In any event, the evidence shows that Defendant Deputies were adequately trained in use of force techniques. Each of the officers received more than the amount of basic law enforcement training required by Kansas law. Kansas law requires, at a minimum, 560 hours of accredited instruction and training at the Kansas Law Enforcement Training Center prior to being certified as a law enforcement officer. The parties agree that Maxfield graduated from the training academy in 2008 with 889.5 hours of instruction, Burdett in 2007 with 888 hours of instruction, Dodge in 2006 with 896 hours of instruction, and Slay in 2008 with 896 hours of instruction. This instruction included training on the Department's policies and regulations as well as the use of force. Following their certification, each of Defendant Deputies completed an additional eight weeks of field training with one or more field training officers. Additionally, each of Defendant Deputies completed the required annual forty hours of continuing law enforcement education every year since their certification.[38] Plaintiff does not allege that this initial or continuing education was "inadequate as compared to any recognized or accepted law enforcement standards."[39] Rather, Plaintiff argues that

[t]he department did not ensure that the training concepts provided to the officers were understood by those officers, and did not provide a method of reinforcing that the officers understood and comprehended the training... The office must reinforce the training and make certain that it is understood. It is clear that was not happening in the Sedgwick County Sheriff's Office.[40]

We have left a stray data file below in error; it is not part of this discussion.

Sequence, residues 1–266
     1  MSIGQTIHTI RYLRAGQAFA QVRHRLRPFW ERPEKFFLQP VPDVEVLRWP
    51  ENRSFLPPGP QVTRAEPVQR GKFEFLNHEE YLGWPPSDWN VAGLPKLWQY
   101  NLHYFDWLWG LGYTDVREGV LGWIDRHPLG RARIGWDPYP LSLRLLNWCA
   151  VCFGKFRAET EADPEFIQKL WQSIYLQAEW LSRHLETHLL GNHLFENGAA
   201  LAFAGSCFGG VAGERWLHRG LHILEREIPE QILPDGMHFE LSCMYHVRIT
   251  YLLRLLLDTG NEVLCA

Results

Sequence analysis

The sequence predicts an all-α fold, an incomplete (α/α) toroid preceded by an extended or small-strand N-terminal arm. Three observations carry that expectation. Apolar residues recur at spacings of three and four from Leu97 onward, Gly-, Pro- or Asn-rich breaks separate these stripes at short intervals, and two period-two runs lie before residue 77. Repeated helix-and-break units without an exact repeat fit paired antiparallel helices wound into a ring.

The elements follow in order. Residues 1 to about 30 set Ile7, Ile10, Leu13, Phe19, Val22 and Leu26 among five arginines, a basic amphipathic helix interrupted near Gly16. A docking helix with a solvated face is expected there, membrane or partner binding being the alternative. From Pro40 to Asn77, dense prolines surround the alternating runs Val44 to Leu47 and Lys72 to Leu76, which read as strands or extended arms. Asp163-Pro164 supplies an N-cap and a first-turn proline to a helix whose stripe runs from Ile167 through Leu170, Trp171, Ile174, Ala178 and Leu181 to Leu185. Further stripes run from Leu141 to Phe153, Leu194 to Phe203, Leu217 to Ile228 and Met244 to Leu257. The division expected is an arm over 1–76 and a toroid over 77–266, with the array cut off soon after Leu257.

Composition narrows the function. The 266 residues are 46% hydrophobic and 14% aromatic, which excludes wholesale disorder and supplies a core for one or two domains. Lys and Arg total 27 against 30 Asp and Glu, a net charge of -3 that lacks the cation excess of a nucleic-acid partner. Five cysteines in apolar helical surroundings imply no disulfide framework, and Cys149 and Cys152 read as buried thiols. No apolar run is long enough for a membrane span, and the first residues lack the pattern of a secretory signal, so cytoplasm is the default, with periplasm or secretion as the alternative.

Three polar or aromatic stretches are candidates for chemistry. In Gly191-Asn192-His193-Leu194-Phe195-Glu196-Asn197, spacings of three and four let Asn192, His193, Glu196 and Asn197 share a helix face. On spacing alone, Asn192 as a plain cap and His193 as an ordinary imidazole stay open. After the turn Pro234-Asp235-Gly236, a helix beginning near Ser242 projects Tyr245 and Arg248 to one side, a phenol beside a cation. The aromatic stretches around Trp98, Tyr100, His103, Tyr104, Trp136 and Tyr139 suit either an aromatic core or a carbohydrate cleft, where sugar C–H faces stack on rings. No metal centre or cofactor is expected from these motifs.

Absent Plaintiff's assertion, he offers no evidence to show that such reinforcement was not happening in the Department. Unlike in Allen, where the expert's deposition was over 300 pages in length and set forth the particular errors in the training, neither Plaintiff nor his expert state why or how such reinforcement was lacking. As Defendants question, "[w]ere there not enough hours spent in continuing training (despite the fact that annual certification standards were met)? Was an incorrect technique taught in how to restrain the suspect? Did the deputies fail to instruct the suspect in how to exit the vehicle without appearing as a threat to [him]?"[41] This Court cannot find, in this Circuit, or in any other circuit for that matter, an instance where a plaintiff has been successful on a failure to continually train and reinforce.[42] Thus, the Court concludes that Plaintiff has failed to show any inadequacies in the Department's training sufficient to show deliberate indifference.